But I’m also not going to serve as an adjunct of the Democratic Party’s get-out-the-vote campaign when it manifestly doesn’t matter, in larger historical terms, what happens in the midterm election. Nothing meaningful happened in the last Congress and nothing meaningful will happen in the next one, regardless of whether McConnell or Harry Reid sits in the majority leader’s chair. That contradiction I mentioned at the outset, between the immense might of the imperial presidency and the poisonous mire of Washington politics, requires us to understand where real power lies in the United States. The president is a powerful figure, no doubt, as are the leaders of the House and Senate. But those people come and go and are not necessarily the most important factors in the equation. At least nominally, they command and oversee the enormous underlying structure of permanent government known as the “deep state.” But it precedes them and outlasts them, and as the Edward Snowden NSA revelations and numerous other data points ought to tell us, the question of who really holds the reins of state power is debatable, at the very least.

The concept of the deep state has a variety of overlapping meanings, and a long heritage within historical and political analyses of famously top-heavy states like Turkey and Egypt, where powerful entrenched bureaucracies have subverted democracy or ignored it altogether. In the current American context, journalists Marc Ambinder and D.B. Grady have used it to designate the far-reaching national security apparatus that was expanded so dramatically after 9/11. In an influential essay published earlier this year (which helps explain why the Obama administration is sliding toward another Middle East war), former congressional aide Mike Lofgren uses it to signify something much larger, “a hybrid entity of public and private institutions ruling the country according to consistent patterns in season and out,” comprising not just the federal bureaucracy and the intelligence agencies, but also the bankers and corporate elites.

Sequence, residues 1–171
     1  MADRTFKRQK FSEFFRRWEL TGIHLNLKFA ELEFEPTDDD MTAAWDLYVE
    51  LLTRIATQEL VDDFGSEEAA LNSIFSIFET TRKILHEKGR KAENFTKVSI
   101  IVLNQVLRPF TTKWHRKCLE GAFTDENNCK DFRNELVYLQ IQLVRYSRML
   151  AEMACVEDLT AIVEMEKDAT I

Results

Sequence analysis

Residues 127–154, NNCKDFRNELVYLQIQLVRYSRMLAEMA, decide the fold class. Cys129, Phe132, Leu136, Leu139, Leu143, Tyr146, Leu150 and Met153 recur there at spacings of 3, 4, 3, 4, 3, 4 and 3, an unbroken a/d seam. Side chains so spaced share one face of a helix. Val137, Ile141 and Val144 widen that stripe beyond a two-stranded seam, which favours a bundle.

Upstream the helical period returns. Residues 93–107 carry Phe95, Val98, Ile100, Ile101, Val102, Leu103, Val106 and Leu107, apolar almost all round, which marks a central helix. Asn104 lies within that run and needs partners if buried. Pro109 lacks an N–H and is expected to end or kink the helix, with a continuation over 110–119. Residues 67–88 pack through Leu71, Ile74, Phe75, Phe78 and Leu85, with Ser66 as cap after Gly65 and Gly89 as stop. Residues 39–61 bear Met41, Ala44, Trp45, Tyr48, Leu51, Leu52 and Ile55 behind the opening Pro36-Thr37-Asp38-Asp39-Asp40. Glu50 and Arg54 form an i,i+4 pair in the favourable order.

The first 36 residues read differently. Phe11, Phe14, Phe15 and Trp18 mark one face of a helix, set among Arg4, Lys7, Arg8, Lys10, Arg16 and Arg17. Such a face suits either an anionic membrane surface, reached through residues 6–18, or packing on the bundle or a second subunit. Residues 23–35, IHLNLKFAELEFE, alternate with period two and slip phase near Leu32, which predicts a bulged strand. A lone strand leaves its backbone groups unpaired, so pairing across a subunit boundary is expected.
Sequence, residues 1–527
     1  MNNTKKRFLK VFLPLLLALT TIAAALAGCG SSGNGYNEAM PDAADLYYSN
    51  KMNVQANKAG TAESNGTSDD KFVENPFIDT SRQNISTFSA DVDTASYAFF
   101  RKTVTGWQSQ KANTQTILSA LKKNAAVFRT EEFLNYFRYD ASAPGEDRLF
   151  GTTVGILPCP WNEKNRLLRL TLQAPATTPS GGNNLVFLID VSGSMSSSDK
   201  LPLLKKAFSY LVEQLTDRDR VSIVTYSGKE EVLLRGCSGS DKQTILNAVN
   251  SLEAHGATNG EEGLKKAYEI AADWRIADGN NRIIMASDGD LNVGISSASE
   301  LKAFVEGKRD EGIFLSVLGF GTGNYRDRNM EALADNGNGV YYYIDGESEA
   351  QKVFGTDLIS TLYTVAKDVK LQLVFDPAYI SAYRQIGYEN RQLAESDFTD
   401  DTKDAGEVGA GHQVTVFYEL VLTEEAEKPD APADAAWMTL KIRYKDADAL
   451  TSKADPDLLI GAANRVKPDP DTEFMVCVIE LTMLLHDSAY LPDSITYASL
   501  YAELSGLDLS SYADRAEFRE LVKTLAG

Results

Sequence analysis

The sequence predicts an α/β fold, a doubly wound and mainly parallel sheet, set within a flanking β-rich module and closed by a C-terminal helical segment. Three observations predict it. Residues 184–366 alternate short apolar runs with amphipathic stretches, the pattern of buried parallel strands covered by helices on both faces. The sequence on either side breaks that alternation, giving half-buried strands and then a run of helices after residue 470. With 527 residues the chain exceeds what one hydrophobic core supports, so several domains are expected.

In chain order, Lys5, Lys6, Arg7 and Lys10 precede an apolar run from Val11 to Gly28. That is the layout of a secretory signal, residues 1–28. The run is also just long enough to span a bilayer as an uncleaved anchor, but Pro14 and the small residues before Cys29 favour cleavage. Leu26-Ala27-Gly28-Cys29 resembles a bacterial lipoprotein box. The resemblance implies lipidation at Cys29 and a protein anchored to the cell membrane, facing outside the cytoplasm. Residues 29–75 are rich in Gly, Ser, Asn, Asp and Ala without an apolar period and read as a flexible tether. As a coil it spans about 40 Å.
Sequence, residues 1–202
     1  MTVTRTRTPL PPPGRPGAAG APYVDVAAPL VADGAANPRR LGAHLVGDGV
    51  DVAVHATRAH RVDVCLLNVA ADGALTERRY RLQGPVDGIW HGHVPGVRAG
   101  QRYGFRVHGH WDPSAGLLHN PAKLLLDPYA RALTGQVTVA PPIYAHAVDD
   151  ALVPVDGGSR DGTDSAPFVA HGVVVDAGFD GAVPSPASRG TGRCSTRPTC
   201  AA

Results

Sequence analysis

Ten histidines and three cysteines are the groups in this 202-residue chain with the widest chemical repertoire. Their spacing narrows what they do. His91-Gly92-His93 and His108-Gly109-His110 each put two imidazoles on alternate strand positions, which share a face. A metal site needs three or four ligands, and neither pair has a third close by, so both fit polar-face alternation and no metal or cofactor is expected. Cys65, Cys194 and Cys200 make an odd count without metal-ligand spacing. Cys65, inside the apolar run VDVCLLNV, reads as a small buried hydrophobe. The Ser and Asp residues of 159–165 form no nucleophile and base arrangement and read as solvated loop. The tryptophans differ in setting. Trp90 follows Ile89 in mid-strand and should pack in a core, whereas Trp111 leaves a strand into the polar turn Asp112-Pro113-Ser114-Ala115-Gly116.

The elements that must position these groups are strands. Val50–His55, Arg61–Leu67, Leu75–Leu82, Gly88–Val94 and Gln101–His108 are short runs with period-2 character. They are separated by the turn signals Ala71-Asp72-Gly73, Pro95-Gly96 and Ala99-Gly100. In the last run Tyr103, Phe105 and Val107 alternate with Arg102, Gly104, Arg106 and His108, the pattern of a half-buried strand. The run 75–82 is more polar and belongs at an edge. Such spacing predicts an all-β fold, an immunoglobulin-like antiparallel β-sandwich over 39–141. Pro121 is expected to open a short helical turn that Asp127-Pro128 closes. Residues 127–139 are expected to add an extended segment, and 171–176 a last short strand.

If we were voting for or against candidates who were willing to address the power of the deep state, or at least to disclose and discuss it openly, then the midterm elections might mean something. As things stand, American electoral politics looks a lot like the circus staged to keep the kids entertained while the grownups pave over the fields and run the railroad through the middle of town. Can you blame the kids if they’re getting bored of watching the same clowns jamming themselves in and out of the same Volkswagen?

By Andrew O'Hehir

Andrew O'Hehir is executive editor of Salon.